Well, you mentioned, President Livingstone, the Hord scholarship, and obviously, the amount, 30 million, is an eye-popping number, but obviously, it's a transformative gift, but what are some of the ways you're most excited about seeing that live out, not only from their gift, but from the way the Baylor family can be involved?

President Livingstone:

Because it's a matching gift, it gives so many in the Baylor family, the opportunity to come alongside the Hord family, to come alongside our students to support them, and it is designed to help students with strong academic credentials, but also potential need to be able to afford to come to Baylor that might not otherwise, and so again, it gives us the opportunity to ensure that it's kind of the best and the brightest that want to be at a Christian research university have the financial opportunity to do that, and it gives the Baylor family a chance to be a part of that in a very significant way. It is a huge opportunity for us to grow our endowment in a way that directly impacts and supports our students for generations to come.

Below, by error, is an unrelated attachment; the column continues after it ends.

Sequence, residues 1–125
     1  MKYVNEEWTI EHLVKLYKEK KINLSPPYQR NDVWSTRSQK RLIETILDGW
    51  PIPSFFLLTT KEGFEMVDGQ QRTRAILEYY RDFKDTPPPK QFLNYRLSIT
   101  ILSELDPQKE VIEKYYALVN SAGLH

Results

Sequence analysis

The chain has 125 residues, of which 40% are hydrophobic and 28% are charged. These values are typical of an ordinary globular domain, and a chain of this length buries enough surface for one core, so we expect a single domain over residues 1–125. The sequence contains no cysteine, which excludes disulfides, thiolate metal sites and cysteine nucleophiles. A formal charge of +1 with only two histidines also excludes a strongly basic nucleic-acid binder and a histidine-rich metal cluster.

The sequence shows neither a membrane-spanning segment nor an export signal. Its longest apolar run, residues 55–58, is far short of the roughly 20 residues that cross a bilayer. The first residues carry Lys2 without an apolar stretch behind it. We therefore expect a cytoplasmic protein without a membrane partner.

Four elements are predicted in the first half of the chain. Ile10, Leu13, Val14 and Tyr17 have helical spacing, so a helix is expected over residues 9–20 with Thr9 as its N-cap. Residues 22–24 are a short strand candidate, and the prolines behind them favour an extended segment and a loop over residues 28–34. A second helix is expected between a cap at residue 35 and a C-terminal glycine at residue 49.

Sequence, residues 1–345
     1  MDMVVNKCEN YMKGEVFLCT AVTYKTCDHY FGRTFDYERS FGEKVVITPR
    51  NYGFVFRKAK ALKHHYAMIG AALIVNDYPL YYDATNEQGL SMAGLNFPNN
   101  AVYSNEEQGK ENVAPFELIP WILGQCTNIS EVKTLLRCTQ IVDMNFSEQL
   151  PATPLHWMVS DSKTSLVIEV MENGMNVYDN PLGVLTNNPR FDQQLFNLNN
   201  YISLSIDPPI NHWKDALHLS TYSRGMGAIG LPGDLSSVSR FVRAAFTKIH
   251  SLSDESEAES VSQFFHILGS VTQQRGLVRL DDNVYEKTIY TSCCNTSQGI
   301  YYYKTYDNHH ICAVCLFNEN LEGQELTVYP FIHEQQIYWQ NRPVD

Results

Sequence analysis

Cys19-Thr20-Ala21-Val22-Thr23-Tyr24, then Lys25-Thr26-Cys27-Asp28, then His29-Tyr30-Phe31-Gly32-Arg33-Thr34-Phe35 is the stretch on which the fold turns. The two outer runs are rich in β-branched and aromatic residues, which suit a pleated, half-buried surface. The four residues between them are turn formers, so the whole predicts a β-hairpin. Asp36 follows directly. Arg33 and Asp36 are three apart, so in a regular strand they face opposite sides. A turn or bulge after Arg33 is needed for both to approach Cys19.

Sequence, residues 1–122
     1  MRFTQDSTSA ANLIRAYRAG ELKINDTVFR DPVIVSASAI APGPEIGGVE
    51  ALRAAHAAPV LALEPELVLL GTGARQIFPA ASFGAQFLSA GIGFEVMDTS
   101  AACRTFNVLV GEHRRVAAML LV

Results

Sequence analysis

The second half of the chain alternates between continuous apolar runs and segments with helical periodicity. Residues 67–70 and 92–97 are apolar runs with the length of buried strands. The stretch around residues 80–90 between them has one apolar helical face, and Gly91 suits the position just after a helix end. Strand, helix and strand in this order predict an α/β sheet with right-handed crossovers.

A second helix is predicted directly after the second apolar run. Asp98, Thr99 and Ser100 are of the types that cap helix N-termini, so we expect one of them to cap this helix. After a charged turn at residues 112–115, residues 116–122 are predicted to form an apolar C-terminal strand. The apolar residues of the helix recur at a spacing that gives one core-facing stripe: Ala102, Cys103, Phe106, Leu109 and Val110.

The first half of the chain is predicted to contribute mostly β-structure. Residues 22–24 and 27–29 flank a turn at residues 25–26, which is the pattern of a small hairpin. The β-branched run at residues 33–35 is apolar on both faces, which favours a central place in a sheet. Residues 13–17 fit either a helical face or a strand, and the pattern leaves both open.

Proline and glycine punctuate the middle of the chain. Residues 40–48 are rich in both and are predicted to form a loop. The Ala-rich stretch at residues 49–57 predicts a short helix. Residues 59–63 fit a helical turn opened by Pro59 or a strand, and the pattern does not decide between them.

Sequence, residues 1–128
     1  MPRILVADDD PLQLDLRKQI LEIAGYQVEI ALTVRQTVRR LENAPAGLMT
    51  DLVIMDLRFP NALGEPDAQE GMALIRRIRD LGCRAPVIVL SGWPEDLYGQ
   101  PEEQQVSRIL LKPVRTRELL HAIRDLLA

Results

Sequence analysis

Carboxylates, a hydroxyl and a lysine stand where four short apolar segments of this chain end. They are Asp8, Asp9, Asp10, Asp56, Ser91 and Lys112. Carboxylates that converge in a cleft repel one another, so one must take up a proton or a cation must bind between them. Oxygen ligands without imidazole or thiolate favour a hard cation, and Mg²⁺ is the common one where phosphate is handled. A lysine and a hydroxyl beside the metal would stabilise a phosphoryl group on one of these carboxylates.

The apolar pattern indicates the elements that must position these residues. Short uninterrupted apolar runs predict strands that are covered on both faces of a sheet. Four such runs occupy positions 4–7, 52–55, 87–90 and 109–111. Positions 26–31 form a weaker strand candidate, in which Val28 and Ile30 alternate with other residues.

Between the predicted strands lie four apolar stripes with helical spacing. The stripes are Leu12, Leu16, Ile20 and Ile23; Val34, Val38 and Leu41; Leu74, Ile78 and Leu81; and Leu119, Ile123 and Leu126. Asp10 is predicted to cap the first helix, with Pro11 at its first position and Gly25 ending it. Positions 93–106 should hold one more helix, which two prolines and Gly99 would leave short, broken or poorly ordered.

Derek Smith:

Visiting with President Livingstone here on Baylor Connections, and President Livingstone, we're about two months into the semester now, and as you look at where we are serving students, what stands out to you as being the most meaningful aspects of just really getting us to this point with everyone on campus, and are there some things that you've gleaned that will be useful in shaping future steps, however long we're in this sort of a pandemic scenario?

President Livingstone: